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5 Things You Need to Know About Difficulty Swallowing

By Contributor ; Updated August 14, 2017

Heart? Throat? Which is it?

Getting food stuck and having difficulty swallowing can be a frightening circumstance. The nerves that supply the esophagus (the tube that leads from the mouth to the stomach) are the same nerves that supply the heart. Consequently, the brain reacts with a great deal of attention, releasing lots of adrenaline. Alarms go off. For all the brain knows, you're having a heart attack.

Different Kinds of Swallowing Problems

If a person slams down a half piece of bread and suddenly feels as though he slammed down a whole loaf, the cause of the problem is obvious. Bread balls up and is easily caught in a wave of esophageal spasm. This is less of a problem than someone who consistently has difficulty swallowing the first bite of a meal or someone who has progressive difficulty even swallowing liquids. Chronic difficulty swallowing should never be ignored. It is a sign that something is very wrong. See your doctor.

Red Wine Makes Me Whine

There are some foods that often cause esophageal reflux, meaning food and stomach contents go in the wrong direction. Red wine, tomatoes and significantly hot or cold fluids head the list. These foods cause an increase in the acidity of stomach secretions and, for some people, a dysfunction in the wave of contraction that moves food into the stomach. A simple solution is to switch to white wine and avoid tomatoes. If that sounds like a fate worse than death, then try taking a medication like cimetidine or ranitidine 30 minutes before eating.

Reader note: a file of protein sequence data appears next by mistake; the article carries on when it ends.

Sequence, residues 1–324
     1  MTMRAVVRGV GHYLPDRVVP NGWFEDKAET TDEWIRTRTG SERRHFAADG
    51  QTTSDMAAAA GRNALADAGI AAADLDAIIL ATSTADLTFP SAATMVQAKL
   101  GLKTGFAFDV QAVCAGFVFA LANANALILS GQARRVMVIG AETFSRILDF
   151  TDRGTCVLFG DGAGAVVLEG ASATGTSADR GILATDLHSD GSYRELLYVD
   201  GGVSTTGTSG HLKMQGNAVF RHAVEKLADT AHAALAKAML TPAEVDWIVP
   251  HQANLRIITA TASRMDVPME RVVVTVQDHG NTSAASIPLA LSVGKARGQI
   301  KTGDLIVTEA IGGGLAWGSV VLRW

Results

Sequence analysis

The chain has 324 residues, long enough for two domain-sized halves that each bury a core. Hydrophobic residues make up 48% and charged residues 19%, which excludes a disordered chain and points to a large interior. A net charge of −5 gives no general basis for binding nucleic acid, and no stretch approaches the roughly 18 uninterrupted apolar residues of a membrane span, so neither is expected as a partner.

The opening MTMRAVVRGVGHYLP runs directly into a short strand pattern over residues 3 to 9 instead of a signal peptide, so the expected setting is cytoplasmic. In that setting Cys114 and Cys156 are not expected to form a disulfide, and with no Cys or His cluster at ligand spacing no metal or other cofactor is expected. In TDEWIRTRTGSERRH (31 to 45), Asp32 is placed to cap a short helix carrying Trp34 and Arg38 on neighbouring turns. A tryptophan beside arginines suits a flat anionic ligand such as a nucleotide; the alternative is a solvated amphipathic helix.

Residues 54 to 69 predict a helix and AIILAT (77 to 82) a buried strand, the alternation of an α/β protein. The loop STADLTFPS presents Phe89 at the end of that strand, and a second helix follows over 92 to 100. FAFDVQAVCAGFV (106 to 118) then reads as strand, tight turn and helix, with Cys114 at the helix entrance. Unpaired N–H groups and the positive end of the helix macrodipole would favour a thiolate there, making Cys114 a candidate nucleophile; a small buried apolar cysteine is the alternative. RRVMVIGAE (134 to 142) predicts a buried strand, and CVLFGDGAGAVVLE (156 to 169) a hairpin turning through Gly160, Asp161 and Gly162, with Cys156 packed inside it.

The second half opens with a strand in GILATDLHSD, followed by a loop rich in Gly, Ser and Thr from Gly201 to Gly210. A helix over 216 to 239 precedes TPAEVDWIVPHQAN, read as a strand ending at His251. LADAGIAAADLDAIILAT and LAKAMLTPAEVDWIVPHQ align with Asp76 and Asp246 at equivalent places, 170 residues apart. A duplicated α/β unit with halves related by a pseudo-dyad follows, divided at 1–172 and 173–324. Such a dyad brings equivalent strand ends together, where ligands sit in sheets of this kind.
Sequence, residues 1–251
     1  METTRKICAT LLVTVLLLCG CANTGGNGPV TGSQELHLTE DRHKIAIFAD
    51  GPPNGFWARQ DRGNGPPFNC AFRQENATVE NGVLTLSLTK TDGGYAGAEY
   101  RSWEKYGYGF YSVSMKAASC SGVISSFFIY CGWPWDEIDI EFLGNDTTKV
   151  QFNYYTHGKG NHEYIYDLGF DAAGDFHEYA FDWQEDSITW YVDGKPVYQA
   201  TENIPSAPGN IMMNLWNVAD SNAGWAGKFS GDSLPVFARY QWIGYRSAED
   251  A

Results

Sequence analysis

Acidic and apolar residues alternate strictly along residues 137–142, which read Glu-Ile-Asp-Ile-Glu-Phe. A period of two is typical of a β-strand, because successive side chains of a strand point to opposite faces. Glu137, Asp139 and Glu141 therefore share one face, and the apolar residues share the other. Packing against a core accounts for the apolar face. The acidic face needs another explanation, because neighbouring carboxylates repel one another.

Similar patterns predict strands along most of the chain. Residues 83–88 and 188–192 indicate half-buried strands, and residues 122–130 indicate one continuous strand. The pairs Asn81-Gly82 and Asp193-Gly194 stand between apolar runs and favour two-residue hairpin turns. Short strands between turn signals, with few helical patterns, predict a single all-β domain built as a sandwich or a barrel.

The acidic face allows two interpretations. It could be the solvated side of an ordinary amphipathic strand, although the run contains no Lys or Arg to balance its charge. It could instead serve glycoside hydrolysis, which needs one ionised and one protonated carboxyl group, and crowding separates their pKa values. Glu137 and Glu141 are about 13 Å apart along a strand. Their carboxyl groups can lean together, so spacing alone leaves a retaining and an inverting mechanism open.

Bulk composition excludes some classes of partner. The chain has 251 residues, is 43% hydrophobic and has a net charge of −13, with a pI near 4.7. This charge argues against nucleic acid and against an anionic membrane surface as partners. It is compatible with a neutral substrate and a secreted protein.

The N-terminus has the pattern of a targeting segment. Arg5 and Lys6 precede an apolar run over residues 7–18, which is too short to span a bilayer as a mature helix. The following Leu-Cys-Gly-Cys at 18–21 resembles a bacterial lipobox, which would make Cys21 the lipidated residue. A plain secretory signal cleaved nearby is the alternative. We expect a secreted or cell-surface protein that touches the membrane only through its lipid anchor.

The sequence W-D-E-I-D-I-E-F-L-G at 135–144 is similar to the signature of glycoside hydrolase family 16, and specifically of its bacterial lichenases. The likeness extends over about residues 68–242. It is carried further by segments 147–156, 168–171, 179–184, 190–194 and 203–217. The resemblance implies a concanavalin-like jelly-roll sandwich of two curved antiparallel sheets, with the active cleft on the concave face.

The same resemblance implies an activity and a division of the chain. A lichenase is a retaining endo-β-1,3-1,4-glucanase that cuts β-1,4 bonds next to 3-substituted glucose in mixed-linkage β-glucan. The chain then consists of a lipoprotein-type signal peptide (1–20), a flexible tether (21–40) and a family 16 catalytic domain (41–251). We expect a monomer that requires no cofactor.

That's a Balk!

Swallow twice in a row. Then, quickly try swallowing a third time. Nothing happens. It appears that you are "balking" as you try to swallow. This is because the first part of swallowing is controlled by "striated muscle," muscle that is under the direct control of your motor cortex. The second part of swallowing, roughly the last two-thirds of the esophagus, is powered by smooth muscle, the muscle of the gut. This muscle acts on its own. When the esophagus is working properly, it slides food from the mouth to the stomach in a coordinated wave of contraction. But it requires a rest period before handling another wave of contraction, basically giving food a chance to settle into its new home, the inside of your tummy.

No ...Really ...I Can't Swallow

There is a condition called globus hystericus. People with this condition have difficulty swallowing caused by anxiety. Because the last two thirds of the esophagus is supplied by smooth muscle, neurotransmitters and neural hormones that are affected by emotions play a role in its function. Everyone can relate to a having a "gut ache" in stressful circumstances, such as taking a test. Globus hystericus is a similar circumstance. The difference is that the situation can evolve into a chronic state. Difficulty swallowing becomes the body's way of saying, "Thought you might like to know, I am really UPTIGHT!"

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